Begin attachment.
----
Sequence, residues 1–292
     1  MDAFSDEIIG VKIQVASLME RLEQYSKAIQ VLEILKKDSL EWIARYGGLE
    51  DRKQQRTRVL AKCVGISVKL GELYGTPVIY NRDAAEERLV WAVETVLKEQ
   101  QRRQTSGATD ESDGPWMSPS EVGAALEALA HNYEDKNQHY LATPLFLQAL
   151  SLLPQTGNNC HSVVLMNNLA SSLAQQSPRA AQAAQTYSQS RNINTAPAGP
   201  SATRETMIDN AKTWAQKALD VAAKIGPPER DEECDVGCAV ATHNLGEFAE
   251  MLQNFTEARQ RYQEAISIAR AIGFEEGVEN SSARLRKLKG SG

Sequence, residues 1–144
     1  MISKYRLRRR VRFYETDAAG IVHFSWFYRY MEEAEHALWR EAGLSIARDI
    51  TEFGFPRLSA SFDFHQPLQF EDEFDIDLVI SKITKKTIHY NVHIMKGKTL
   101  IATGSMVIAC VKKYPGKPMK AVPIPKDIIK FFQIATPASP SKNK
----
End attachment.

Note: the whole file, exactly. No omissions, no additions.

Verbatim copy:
Sequence, residues 1–292
     1  MDAFSDEIIG VKIQVASLME RLEQYSKAIQ VLEILKKDSL EWIARYGGLE
    51  DRKQQRTRVL AKCVGISVKL GELYGTPVIY NRDAAEERLV WAVETVLKEQ
   101  QRRQTSGATD ESDGPWMSPS EVGAALEALA HNYEDKNQHY LATPLFLQAL
   151  SLLPQTGNNC HSVVLMNNLA SSLAQQSPRA AQAAQTYSQS RNINTAPAGP
   201  SATRETMIDN AKTWAQKALD VAAKIGPPER DEECDVGCAV ATHNLGEFAE
   251  MLQNFTEARQ RYQEAISIAR AIGFEEGVEN SSARLRKLKG SG

Sequence, residues 1–144
     1  MISKYRLRRR VRFYETDAAG IVHFSWFYRY MEEAEHALWR EAGLSIARDI
    51  TEFGFPRLSA SFDFHQPLQF EDEFDIDLVI SKITKKTIHY NVHIMKGKTL
   101  IATGSMVIAC VKKYPGKPMK AVPIPKDIIK FFQIATPASP SKNK